Mississauga teacher suspended after pro-Palestinian speech wins support of activists

Several academics and an activist spoke out at Queen's Park Wednesday in support of a teacher suspended by her Greater Toronto Area school board after she spoke at a pro-Palestinian rally.

Nadia Shoufani has been suspended with pay by the Dufferin-Peel Catholic District School Board

Nadia Shoufani, the Mississauga teacher who was suspended from her job one month after appearing at a pro-Palestinian rally, won the support of several activists and academics at Queen's Park on Wednesday. (YouTube)

Several academics and an activist spoke out at Queen's Park Wednesday in support of a teacher suspended by her Greater Toronto Area school board after she spoke at a pro-Palestinian rally.

Nadia Shoufani, an elementary teacher at St. Catherine of Siena school in Mississauga, is suspended with pay pending further investigation by the Dufferin-Peel Catholic District School Board, the board said in a statement last week.

The school board confirmed in July it had launched an investigation into Shoufani's comments at the July 2 Al-Quds Day in Toronto. But the board did not confirm in its statement that Shoufani was suspended for what she said — comments that outraged both the Friends of Simon Wiesenthal Center and B'nai Brith Canada, which accused her of publicly supporting violence and terrorism in Israel.

The Ontario English Catholic Teachers' Association, which represents Shoufani, said the teacher wasn't suspended for her conduct, but instead for appearing to not comply with the investigation.

Nadia Shoufani's right to free speech must be respected, Graeme MacQueen, a retired McMaster University professor said at Queen's Park on Wednesday. (CBC)

At Queen's Park, Graeme MacQueen, a retired McMaster University religious studies professor, said Shoufani's right to speak out must be respected.

"We hear that she's being punished for supporting violence and terrorism," MacQueen told reporters.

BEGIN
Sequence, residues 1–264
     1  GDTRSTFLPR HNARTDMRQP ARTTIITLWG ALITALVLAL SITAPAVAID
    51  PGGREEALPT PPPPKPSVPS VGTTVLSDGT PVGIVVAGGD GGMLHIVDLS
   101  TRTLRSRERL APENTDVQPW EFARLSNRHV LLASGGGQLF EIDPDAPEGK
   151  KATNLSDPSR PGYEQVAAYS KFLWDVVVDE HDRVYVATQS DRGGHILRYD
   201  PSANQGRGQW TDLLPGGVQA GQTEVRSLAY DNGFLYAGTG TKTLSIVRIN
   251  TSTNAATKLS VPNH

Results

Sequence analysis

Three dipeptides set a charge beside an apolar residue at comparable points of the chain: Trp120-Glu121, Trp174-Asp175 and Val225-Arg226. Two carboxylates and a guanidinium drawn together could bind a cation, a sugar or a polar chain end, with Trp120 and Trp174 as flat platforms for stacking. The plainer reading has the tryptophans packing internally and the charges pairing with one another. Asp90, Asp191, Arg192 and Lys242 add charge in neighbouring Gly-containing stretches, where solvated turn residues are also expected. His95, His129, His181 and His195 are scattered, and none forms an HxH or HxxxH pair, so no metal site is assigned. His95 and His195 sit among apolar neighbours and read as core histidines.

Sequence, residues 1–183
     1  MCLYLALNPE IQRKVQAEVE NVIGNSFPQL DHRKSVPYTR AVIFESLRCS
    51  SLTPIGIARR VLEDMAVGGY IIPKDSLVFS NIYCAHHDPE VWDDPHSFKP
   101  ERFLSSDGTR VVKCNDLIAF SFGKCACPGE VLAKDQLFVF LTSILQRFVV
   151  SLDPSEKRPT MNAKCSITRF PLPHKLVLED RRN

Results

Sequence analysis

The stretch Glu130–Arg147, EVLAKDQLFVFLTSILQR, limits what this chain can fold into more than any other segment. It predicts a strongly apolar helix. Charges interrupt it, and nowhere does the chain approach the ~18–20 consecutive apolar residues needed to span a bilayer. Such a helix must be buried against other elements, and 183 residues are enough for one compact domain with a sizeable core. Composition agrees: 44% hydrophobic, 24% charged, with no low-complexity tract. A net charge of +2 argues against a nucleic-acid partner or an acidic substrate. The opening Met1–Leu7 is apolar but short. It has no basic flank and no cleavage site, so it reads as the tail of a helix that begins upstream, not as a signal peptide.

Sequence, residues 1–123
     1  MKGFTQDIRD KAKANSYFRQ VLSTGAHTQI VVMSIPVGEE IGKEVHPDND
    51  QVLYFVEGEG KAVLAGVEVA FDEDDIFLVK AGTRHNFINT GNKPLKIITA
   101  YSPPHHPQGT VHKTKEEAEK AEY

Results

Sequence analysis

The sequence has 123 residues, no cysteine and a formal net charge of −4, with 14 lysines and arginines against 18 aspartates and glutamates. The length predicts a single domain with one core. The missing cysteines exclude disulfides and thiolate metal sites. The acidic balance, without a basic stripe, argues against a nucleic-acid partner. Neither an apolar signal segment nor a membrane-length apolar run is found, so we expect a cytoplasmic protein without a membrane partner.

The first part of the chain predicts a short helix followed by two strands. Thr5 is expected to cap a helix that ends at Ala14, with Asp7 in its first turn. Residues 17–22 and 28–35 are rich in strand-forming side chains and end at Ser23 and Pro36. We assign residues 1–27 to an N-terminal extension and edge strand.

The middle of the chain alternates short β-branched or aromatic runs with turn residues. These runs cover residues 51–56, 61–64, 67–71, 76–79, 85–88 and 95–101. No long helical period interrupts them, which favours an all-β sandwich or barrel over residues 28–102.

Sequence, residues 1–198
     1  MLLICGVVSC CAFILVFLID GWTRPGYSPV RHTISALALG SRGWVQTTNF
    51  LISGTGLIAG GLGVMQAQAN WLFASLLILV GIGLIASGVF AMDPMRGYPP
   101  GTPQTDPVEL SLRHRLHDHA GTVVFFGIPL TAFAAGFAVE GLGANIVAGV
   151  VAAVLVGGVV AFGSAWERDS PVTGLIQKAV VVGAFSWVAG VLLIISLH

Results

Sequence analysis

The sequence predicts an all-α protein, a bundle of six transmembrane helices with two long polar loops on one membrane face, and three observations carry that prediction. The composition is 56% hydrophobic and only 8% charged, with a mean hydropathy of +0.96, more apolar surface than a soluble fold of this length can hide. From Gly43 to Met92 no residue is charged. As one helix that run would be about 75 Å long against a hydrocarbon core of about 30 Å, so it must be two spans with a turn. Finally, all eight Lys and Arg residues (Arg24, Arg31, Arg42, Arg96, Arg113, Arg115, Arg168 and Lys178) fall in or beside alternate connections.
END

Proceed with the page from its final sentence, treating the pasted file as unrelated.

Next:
"This harassment is not about violence and terrorism, it's about preventing criticism of Israel."

MacQueen said the point isn't whether or not people agree with Shoufani's statements, it's whether or not she has the right to voice them.

During her speech, which was captured on video, Shoufani called Ghassan Kanafani, a Palestinian writer killed in 1972, a "martyr," and criticized the detention of Georges Ibrahim Abdallah, a Lebanese militant imprisoned in France for killing two U.S. and Israeli officials.

Both men are linked to the Popular Front for the Liberation of Palestine, a group Public Safety Canada lists as a terrorist entity.

Shoufani has not responded to multiple requests for comment on this story. 

Shoufani was calling for justice, activist says

Activist Karen Brothers said she listened to Shoufani's comments and believes they're legitimate. Shoufani has the right to speak out about what's happening in the region, Brothers said.

"Since when is calling for justice terror incitement?" Brothers said.

Michael Keefer, a retired University of Guelph professor, and Atif Kubursi, a McMaster economics professor who has worked with the United Nations, also voiced their support for Shoufani. They were joined by several other people in the  Queen's Park media studio who wanted to express support for the suspended teacher.

It's unclear when the outcome of the Dufferin-Peel Catholic District School Board's investigation will be known. The school board said in its statement that it doesn't release the results of such investigations.